He started his service in the US Army in August, 1917, in the Officer Reserve Corps, and was commissioned as a second lieutenant in November, 1917.  He was stationed stateside during World War I, serving at Fort Oglethorpe in Georgia first, then at the Springfield (MA!) Armory, and then in Camp Meade, Maryland.  He was promoted to first lieutenant in September, 1919.

John Rodgers application for Veterans Compensation Ancestry.com. Pennsylvania, WWI Veterans Service and Compensation Files, 1917-1919, 1934-1948 [database on-line]. Provo, UT, USA: Ancestry.com Operations, Inc., 2015. Original data: World War I Veterans Service and Compensation File, 1934–1948. RG 19, Series 19.91. Pennsylvania Historical and Museum Commission, Harrisburg Pennsylvania.

John Rodgers application for Veterans Compensation
Ancestry.com. Pennsylvania, WWI Veterans Service and Compensation Files, 1917-1919, 1934-1948 [database on-line]. Provo, UT, USA: Ancestry.com Operations, Inc., 2015.
Original data: World War I Veterans Service and Compensation File, 1934–1948. RG 19, Series 19.91. Pennsylvania Historical and Museum Commission, Harrisburg Pennsylvania.

Meanwhile, Helen’s younger brothers were also dealing with the impact of World War I. Gerald, the oldest son, was working as a clerk at M.Miller & Son, the store owned by his uncle Maurice Miller and, until his death, his father Jacob Katzenstein.  Gerald claimed an exemption from service because he was supporting his dependent widowed mother, as seen on his draft card.

Gerald Katzenstein World War I draft registration Registration State: Pennsylvania; Registration County: Cambria; Roll: 1893243; Draft Board: 1 Description Draft Card : K Source Information Ancestry.com. U.S., World War I Draft Registration Cards, 1917-1918 [database on-line]. Provo, UT, USA: Ancestry.com Operations Inc, 2005.

Gerald Katzenstein World War I draft registration
Registration State: Pennsylvania; Registration County: Cambria; Roll: 1893243; Draft Board: 1
Description
Draft Card : K
Source Information
Ancestry.com. U.S., World War I Draft Registration Cards, 1917-1918 [database on-line]. Provo, UT, USA: Ancestry.com Operations Inc, 2005.

Leopold or Leo Katzenstein, as he was then known, was in high school in 1917; he was a senior at Greater Johnstown High School and vice-president of his class.

Leo Katzenstein, 1917 Greater Johnstown High School yearbook Ancestry.com. U.S., School Yearbooks, 1880-2012 [database on-line]. Provo, UT, USA: Ancestry.com Operations, Inc., 2010. Original data: Various school yearbooks from across the United States.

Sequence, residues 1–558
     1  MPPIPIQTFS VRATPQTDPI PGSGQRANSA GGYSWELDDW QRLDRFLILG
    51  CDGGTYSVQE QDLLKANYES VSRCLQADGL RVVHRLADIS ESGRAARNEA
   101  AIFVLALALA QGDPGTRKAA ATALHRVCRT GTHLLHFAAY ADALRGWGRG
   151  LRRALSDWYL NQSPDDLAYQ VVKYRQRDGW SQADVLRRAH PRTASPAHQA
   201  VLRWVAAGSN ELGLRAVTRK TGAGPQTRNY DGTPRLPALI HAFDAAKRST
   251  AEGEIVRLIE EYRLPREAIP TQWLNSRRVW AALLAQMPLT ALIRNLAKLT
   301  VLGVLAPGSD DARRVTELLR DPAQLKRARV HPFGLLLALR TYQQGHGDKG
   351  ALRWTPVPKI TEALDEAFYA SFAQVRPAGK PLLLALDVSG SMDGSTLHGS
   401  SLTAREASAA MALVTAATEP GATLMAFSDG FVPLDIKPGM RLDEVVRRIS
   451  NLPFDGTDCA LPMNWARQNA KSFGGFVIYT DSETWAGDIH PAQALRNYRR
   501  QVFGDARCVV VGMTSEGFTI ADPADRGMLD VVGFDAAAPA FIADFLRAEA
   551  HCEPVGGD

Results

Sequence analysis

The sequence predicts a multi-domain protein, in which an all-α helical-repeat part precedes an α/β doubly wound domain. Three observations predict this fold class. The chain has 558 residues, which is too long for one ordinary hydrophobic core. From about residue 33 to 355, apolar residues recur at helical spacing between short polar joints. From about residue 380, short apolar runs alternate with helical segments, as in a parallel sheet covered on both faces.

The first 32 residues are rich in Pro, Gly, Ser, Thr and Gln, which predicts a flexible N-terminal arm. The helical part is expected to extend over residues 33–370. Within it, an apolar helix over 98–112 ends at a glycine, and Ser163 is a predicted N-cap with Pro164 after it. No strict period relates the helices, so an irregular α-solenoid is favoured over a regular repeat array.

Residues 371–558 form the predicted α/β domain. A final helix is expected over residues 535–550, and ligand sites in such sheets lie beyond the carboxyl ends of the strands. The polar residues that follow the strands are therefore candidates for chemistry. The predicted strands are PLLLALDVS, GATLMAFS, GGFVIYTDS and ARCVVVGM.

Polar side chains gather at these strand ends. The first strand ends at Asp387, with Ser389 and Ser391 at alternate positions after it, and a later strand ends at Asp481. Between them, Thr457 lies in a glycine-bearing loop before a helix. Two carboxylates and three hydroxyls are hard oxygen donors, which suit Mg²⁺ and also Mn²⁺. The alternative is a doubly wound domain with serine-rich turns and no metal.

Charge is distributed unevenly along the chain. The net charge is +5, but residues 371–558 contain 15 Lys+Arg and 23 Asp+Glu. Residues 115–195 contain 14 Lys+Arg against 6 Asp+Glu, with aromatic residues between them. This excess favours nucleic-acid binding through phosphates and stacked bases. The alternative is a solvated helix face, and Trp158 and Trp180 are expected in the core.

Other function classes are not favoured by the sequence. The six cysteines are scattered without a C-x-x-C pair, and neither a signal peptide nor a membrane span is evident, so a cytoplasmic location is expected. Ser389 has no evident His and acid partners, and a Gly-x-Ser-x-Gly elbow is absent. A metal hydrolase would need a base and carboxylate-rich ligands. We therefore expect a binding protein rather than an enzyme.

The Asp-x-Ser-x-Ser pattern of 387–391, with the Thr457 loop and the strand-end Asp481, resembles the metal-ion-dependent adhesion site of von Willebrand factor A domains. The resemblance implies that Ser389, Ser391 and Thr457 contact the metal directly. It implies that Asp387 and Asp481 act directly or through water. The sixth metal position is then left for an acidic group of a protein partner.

Leo Katzenstein, 1917 Greater Johnstown High School yearbook
Ancestry.com. U.S., School Yearbooks, 1880-2012 [database on-line]. Provo, UT, USA: Ancestry.com Operations, Inc., 2010.
Original data: Various school yearbooks from across the United States.

When he registered for the draft in September, 1918, he was a student at Lehigh University, studying to be a metallurgy engineer.  He joined the service on October 2, 1918. He served in the Student Army Training Center at Lehigh until December 11, 1918.  He never served overseas during the war.

Leo Katzenstein World War I draft registration Registration State: Pennsylvania; Registration County: Cambria; Roll: 1893243; Draft Board: 1 Description Draft Card : K Source Information Ancestry.com. U.S., World War I Draft Registration Cards, 1917-1918 [database on-line].

Leo Katzenstein World War I draft registration
Registration State: Pennsylvania; Registration County: Cambria; Roll: 1893243; Draft Board: 1
Description
Draft Card : K
Source Information
Ancestry.com. U.S., World War I Draft Registration Cards, 1917-1918 [database on-line].

Maurice, the third son, was still in high school when he registered for the draft in September, 1918. From his 1919 high school yearbook entry, it seems he was interested in music as he sang in an operetta, was in the spring concert, and was a member of the Lost Chord Club.  As far as I can tell, he never served in the military.

Maurice Katzenstein, 1919 Greater Johnstown High School Yearbook http://usgwarchives.net/pa/cambria/images/spectator-19/p031.jpg

Maurice Katzenstein, 1919 Greater Johnstown High School Yearbook
http://usgwarchives.net/pa/cambria/images/spectator-19/p031.jpg

Maurice Katzenstein World War I draft registration Registration State: Pennsylvania; Registration County: Cambria; Roll: 1893243; Draft Board: 1 Description Draft Card : K Source Information Ancestry.com. U.S., World War I Draft Registration Cards, 1917-1918 [database on-line]

Maurice Katzenstein World War I draft registration
Registration State: Pennsylvania; Registration County: Cambria; Roll: 1893243; Draft Board: 1
Description
Draft Card : K
Source Information
Ancestry.com. U.S., World War I Draft Registration Cards, 1917-1918 [database on-line]

Helen (Katzenstein) and John Rodgers had a baby in November, 1919, but Helen and the baby were not living with John in 1920 when the 1920 census was taken.  At that time he was stationed in Koblenz, Germany, and Helen and her child were living in Johnstown with Helen’s mother and her five younger brothers.

John Rodgers 1920 census Year: 1920; Census Place: Coblenz, Germany, Military and Naval Forces; Roll: T625_2040; Page: 1A; Enumeration District: Infantry Barracks; Image: 304

John Rodgers 1920 census
Year: 1920; Census Place: Coblenz, Germany, Military and Naval Forces; Roll: T625_2040; Page: 1A; Enumeration District: Infantry Barracks; Image: 304